Taxpayers in top slab grew 100% between AY2013-14 and AY2017-18, almost all of this increase due to those reporting income of `10-20 lakh
It was in Budget FY13 that the income tax slab for the marginal rate of 30% was moved from `8 lakh to `10 lakh. Over the six years since then, the value of money has eroded considerably — `10 lakh in the beginning of FY13 was equivalent to `15 lakh at the end of FY19 due to inflation —, but the highest tax bracket remained unchanged, causing sections of the taxpayers in the top slab to increasingly feel the tax pinch.
This also explains the flat growth in share of the taxable income reported by those in the 30% tax bracket over the years — this has remained at around 35%.
With inflation pushing wages and salaries, the number of taxpayers in the top slab grew over 100% to 34 lakh in assessment year 2017-18 from about 17 lakh in AY2013-14, while overall taxpayer base expanded only 40%. Most of the increase in the number of assessess in the highest tax bracket is attributable to the taxpayers who show ‘returned income’ of `10-20 lakh (the number of people showing income above `20 lakh has remained stagnant during the period). So it is not increase in real income but inflation that pushed most of new entrants into the top bracket.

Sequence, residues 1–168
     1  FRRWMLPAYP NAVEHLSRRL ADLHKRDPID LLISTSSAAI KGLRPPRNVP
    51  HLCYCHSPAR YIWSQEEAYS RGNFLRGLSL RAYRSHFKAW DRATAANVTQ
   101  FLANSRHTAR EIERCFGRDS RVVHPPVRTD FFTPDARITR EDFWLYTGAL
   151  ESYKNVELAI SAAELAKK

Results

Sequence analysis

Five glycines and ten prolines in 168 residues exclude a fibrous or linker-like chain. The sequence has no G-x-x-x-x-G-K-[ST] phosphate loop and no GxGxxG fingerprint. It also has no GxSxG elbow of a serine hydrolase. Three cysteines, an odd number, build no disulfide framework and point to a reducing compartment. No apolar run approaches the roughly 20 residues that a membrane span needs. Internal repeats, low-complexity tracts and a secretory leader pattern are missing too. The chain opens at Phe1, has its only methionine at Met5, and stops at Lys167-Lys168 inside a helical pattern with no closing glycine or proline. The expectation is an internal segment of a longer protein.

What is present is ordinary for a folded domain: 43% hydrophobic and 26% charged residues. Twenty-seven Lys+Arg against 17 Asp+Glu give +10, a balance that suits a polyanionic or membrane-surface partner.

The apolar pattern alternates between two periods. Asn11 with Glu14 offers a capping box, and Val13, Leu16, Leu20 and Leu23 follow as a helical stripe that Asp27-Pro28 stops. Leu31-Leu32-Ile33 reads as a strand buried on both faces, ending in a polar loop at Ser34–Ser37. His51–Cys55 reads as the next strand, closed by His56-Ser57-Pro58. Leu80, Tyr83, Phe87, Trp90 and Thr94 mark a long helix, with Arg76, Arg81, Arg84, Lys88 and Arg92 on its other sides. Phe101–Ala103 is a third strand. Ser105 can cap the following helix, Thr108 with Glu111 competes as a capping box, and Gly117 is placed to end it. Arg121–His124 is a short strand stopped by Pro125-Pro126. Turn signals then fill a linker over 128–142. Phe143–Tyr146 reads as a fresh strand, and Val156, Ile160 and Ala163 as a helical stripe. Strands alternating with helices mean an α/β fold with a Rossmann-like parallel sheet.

Clearly, by allowing the highest tax rate to kick in so early, the governments have compromised on the principle of using modest tax rates to improve tax buoyancy. Successive governments have been wary of raising the threshold for the top tax bracket because they found it politically difficult to expand the tax net by bringing segments, including the unorganised sector, into it.
For policymakers it was much easier to extract taxes from those in the net like the salaried class and others in the TDS ambit than widen the net. What India is experiencing is, therefore, ‘bracket creep’, where a tax system is not duly adjusted for inflation.
According to analysts, the situation is unlikely to change soon as the growth in tax collections has lately slowed after a temporary blip following demonetisation.
“There is certainly a case for raising the tax thresholds but the government is mindful of its impact on tax collections. The taxpayer contribution can be best described as an inverted triangle. Large number of taxpayers pay very little and a handful pay more than 95%,” Sanjay Kumar, senior director at Deloitte India, said.
He added that the raising the for lowest tax bracket is a standard practice across the world. Normally, countries do the adjustment for the lower tax thresholds first and then adjust (the slabs), keeping in view the tax progressivity aspect, for other income levels, Kumar said.